Teeth lost to tooth decay and oral trauma can do more than just affect your smile and your self-image. Missing teeth can severely affect your oral function, and your ability to safely chew food.
Partial dentures are one of the best ways to restore the basic form and function of your missing teeth. They can be used to replace one or more teeth on the top or bottom of your mouth. For most people, they’re the best alternative to the invasive surgeries required for multiple dental implants.
What Are Partial Dentures?
Partial dentures are a special type of removal oral device that replicates the look and basic function of multiple missing teeth. Upper partial dentures tend to be more common. Especially if you need to replace missing teeth that appear in your smile. Though there are certainly different types of partial dentures that can be used to replicate just about any missing tooth in your mouth.
A partial dentures costs is often less than permanent dental restorations like dental implants and dental bridges. Yet they still look very much like real teeth, with a base that closely matches your natural gum tissue.
How Do Partial Dentures Work?
Partial dentures are created to replicate the look, shape, and function of your missing teeth. They rely on the surrounding teeth to help anchor them in place. Most people will apply a small bead of denture adhesive to the gumline base to help secure it in place. This also helps block out food particles, which can gradually irritate your natural gum tissue
Why You Need Partial Dentures?
You might need partial dentures to restore the form and function of multiple teeth. Especially if you are dealing with a limited budget, or you simply don’t want to wait for the 6 to 12 months it typically takes to restore multiple missing teeth with dental implants.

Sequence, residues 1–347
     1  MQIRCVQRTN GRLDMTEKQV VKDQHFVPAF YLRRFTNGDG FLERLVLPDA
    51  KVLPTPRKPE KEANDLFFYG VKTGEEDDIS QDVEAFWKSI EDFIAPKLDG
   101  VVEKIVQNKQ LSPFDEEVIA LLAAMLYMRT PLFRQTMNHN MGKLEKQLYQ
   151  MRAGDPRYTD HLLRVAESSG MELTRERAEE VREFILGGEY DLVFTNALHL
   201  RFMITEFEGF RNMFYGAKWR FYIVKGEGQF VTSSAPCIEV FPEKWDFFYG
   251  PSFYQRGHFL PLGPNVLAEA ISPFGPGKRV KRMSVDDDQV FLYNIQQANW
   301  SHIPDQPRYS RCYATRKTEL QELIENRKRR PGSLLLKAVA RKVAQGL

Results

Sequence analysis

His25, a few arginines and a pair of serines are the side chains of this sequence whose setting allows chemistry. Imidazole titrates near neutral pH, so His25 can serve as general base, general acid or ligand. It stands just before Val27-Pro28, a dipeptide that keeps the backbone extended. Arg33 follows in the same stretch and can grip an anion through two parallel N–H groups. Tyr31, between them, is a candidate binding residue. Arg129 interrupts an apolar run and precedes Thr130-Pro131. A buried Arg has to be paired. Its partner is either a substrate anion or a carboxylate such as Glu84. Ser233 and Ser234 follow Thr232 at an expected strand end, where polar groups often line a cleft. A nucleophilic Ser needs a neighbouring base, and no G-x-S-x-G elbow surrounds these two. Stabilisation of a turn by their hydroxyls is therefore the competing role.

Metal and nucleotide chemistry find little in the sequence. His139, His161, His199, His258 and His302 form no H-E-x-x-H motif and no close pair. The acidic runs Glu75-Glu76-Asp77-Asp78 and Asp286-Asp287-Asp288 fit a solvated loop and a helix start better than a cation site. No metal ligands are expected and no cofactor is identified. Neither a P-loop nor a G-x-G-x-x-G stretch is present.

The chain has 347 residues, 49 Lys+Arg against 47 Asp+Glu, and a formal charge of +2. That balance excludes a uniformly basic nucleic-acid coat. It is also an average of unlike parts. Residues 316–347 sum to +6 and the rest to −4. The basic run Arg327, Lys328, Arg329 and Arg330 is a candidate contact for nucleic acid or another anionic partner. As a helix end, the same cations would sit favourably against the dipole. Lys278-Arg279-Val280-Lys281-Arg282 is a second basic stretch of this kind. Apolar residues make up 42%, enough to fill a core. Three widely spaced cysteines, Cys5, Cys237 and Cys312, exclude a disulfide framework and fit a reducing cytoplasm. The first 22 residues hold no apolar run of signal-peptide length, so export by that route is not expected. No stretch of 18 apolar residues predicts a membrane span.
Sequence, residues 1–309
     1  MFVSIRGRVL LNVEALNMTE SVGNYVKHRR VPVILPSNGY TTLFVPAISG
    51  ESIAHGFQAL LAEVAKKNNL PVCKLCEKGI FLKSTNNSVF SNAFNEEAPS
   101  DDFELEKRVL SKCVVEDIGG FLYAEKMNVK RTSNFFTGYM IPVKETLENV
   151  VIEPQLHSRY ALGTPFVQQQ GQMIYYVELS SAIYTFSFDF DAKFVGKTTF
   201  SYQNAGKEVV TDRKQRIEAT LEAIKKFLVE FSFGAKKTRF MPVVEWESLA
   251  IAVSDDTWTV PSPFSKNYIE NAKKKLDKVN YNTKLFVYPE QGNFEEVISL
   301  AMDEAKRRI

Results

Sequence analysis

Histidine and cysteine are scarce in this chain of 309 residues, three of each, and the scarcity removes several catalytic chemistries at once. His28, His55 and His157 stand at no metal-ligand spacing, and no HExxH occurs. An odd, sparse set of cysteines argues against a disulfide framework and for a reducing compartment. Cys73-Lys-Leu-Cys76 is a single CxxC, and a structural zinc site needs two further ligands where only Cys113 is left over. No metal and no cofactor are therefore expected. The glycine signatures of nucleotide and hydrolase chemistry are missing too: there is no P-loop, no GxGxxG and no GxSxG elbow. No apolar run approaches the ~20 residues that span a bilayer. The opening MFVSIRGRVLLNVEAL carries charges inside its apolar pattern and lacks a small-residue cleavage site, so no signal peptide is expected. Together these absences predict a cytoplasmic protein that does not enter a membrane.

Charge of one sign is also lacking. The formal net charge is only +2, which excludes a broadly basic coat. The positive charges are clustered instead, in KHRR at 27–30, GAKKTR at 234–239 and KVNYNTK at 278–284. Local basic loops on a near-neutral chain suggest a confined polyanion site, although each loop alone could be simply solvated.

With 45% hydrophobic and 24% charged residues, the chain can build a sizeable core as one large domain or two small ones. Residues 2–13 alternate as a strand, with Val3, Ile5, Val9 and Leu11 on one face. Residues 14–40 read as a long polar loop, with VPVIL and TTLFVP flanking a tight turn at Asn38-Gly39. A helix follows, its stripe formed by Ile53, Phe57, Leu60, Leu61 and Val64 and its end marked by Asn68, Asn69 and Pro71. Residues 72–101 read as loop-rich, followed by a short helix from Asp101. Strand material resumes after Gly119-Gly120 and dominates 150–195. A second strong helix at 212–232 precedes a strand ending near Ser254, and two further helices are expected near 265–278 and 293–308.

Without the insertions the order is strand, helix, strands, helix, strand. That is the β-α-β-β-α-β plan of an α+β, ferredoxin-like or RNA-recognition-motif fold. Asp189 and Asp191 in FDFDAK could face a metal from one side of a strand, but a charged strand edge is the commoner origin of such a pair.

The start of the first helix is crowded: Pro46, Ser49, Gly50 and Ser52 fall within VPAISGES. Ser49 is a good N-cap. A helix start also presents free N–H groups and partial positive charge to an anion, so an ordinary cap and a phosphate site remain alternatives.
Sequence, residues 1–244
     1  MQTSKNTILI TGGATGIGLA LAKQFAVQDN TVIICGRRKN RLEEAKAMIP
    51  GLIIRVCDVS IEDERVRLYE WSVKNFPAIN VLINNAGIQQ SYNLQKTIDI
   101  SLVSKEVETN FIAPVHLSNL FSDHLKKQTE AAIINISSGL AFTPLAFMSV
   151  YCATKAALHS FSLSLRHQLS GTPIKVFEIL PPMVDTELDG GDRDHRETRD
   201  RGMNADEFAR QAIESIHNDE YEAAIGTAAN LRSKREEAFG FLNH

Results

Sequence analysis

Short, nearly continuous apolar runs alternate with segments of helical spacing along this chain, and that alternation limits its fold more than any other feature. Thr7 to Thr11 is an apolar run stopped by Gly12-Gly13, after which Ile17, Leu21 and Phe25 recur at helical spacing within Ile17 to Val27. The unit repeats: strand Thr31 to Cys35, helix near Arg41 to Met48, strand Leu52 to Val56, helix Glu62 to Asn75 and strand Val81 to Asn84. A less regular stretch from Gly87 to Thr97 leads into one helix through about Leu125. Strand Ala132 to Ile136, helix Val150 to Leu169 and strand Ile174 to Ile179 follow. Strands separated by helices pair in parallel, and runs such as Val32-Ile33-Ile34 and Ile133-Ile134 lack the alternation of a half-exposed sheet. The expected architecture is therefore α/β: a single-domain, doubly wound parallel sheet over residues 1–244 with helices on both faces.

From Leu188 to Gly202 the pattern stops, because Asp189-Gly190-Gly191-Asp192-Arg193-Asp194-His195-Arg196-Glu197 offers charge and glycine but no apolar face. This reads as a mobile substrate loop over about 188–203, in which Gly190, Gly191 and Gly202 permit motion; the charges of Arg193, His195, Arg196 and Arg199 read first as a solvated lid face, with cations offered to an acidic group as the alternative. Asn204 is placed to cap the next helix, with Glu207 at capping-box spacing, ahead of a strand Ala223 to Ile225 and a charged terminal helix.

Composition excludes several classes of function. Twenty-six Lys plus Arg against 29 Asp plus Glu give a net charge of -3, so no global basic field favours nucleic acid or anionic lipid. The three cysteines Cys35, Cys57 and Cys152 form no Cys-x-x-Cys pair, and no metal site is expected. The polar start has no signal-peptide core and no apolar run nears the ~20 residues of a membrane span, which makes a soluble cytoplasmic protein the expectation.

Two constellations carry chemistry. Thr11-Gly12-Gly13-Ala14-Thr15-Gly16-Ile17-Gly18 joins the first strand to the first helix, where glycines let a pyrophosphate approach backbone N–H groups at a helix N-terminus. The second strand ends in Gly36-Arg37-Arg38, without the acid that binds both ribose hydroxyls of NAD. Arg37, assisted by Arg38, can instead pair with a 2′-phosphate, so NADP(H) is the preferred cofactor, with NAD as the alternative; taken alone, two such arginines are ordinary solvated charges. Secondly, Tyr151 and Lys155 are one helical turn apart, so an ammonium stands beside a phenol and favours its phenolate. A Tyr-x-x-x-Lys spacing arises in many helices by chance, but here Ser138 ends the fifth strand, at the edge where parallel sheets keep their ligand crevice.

Types of Partial Dentures
There are different types of partial dentures to consider. If you look online at different types of partial denture pictures, you can see some of the more common configurations. Where you are missing the tooth in your mouth, as well as your budget and how prevalent the partial denture will be in your smile might influence the material, you’re your dentist recommends.
Acrylic partial dentures are one of the more cost-effective denture materials. They have an acrylic base plate that conforms directly to the natural structure of your existing gumline. Acrylic partial denture front teeth closely replicate normal teeth. However, they aren’t as durable as a lot of other partial denture materials. This gives them a realistic lifespan of around 5 years.
As the name implies, this type of partial denture is created from a special type of cast metal, which gives a very durable framework for the artificial teeth that are set in an acrylic resin. This makes cast metal partial dentures stronger, and more durable than their acrylic counterparts. They are very popular for partial dentures for back teeth as they can handle increased bite force, chewing, and grinding.